Award Winning Best Selling Florida Author Yvonne Mason

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A Voice From The Grave- Excerpt ( to be released soon)

a voice frontChapter Eight

 

September 1863-

Chickamauga Creek, Georgia

 

 

 

 

        September 18, 1863, the day started out like any other fall day in Northwestern Georgia. The leaves had started their change of color from the vivid green of summer, to the muted earth tones of reds and browns of fall. Some had already begun to fall to the ground in a soft whisper of wind. The days were still warm from the rays of the sun, but the nights had started turning to a bitter cold.

 

       Major General William S. Rosecrans of the Union Army began his advance to Georgia, looking for General Braxton Bragg and his men of the Confederate Army.  He was in a great mood this fall day he had already taken the city of Chattanooga, Tennessee without firing a shot and he believed that General Bragg was retreating and he would be an easy target. Especially since Brag was low on troops.

 

      General Bragg, however, had other ideas. He took his men through a gap at Missionary Ridge and into a valley known as McLemores Cove. In this valley ran a river the Indians had named “River of Blood.” To the white man it was known as Chickamauga Creek. The valley was not a terrain conducive to battle. It was filled with thicket and brambles. There were tangles of trees and vines everywhere.

 

    However, Bragg knew the area, and he felt this was the right place to face Major General Rosecrans and his minions. This was also the place that Riley Aderholt would no longer fight any longer for the Union Army.  

  

       Riley Aderholt at twenty-one appeared to be a tall young man. He had coal black hair with green eyes which changed with his moods. His face was long with a square jaw that always seemed to be set in a firm line. His nose was a long roman nose that made him look distinguished. His only flaw appeared to be ears that seemed too small for a man, they were almost feminine. His fingers were long and tapered.

 

      Riley had mustered into the Union Army from New York. He became part of the Federal XX Corp in the later part of 1862.He had been in several minor battles and had been part of the replacement troops which were sent down to Rosecrans in late summer of 1863. Rosecrans had sent Riley along with the rest of a brigade to Major General George H. Thomas.

   

      General Thomas placed his men along a four mile line at Chickamauga Creek. Riley, one of the first to dig in felt his heart pound as he and others of his brigade dug shallow trenches to hunker down in until the order was given to fight. He had been marching for several days and his feet hurt from blisters which had risen because his boots did not fit right. But he didn’t dare remove his boots. He knew he would never be able to get them back on his feet and his boots were as important as his rifle. There would be no fires this night, supper would be hardtack and water again.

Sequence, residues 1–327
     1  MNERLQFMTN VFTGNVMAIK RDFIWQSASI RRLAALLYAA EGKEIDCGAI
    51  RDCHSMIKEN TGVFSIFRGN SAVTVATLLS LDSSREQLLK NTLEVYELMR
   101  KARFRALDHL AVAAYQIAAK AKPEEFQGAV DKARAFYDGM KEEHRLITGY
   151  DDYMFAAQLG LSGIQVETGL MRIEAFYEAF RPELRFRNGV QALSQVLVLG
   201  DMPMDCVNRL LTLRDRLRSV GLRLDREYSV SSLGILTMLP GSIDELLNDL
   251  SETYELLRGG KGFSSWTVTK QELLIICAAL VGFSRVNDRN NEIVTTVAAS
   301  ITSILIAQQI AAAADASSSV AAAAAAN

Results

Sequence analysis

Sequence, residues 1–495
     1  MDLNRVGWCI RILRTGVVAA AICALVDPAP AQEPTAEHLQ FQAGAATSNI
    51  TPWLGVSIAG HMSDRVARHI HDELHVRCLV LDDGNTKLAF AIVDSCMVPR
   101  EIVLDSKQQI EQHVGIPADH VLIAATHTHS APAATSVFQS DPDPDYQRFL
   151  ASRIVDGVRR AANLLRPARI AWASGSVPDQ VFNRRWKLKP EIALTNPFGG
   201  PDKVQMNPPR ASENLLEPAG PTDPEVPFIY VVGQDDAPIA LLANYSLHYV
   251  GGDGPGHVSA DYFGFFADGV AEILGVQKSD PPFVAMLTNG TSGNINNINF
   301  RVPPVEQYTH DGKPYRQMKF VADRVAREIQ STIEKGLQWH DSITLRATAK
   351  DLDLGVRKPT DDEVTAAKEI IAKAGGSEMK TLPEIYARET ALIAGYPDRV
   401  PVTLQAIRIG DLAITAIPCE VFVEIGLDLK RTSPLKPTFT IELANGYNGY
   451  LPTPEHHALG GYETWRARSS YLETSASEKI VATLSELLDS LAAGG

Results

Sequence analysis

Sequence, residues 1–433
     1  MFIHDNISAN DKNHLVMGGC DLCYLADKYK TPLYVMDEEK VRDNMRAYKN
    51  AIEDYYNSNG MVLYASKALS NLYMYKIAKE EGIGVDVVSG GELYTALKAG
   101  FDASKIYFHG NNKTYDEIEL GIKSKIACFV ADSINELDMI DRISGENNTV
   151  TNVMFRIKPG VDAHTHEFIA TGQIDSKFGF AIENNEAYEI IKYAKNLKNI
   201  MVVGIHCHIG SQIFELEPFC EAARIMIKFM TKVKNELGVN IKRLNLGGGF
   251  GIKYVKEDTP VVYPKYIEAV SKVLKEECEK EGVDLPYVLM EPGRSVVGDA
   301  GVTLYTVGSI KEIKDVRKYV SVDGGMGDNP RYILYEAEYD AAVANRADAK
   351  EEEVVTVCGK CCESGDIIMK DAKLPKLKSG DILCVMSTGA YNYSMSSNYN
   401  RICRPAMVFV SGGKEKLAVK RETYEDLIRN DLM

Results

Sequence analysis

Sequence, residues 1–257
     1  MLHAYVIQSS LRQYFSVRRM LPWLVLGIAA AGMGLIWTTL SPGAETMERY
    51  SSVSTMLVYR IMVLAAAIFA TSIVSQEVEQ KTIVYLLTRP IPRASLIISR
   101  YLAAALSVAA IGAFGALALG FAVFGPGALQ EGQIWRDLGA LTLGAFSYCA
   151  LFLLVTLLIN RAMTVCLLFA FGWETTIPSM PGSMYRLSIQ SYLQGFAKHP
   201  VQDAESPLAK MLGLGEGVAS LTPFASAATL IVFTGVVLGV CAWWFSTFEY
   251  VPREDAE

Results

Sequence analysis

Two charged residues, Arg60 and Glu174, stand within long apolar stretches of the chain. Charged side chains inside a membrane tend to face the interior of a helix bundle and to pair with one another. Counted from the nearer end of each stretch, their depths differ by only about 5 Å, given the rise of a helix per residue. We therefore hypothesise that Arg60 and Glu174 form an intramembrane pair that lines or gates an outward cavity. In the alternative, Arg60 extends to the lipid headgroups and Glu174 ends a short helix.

As the sun began to set the welcome cool evening air gave way to a bitter fall night. Riley’s wool uniform was wringing wet with sweat from the heat of the Georgia sun, but as it slowly sank in the west the wetness which he had welcomed earlier in the day became like ice next to his skin. He knew from the previous night that before morning he would be bitterly cold and he only had one blanket to keep warm with and sleep on. 

 

      As he tried to get comfortable before it would to dark to see, he pulled out the letter he had started writing the day before to send home to his family. He wanted to finish it before the daylight faded and get to the post just in case tomorrow was his last day on earth.   

 

      

September 18, 1863

  Dear folks,

  We finally stopped for the night. We took Chattanooga without firing a shot. It seems them Rebel boys didn’t want to fight with us. We pushed through Chattanooga, Tennessee and are at a place called Chickamauga. I have been told it is about twelve miles south of Chattanooga. The Indians call it river of blood. I expect we will see fighting tomorrow. It seems like it has been so long since I have seen that blessed place called home. Mother, I want you to know I am well. I am considered one of the men. So there is no need for you to worry. Father, I hope the crops are doing well. I just am sorry I am not there to help you. As soon as I get paid I will send money home so you can hire someone to help you. The weather here is strange. During the day it is warm as summer, but at night it gets bitter cold. We burn up in our uniforms in the daytime because of the wool material. At night we are grateful for them. When it rains we wish we did not have them. They become heavy from the water they hold. Tell my baby brothers I am well. I will try to write more later.

Yours,

 A .Riley Aderholt

   

 

      Riley folded the letter and placed it in his haversack. If he survived tomorrow’s battle he would post it home along with his pay for the month if arrived in time. After all fifty cents would feed and clothe his family for a month back home.

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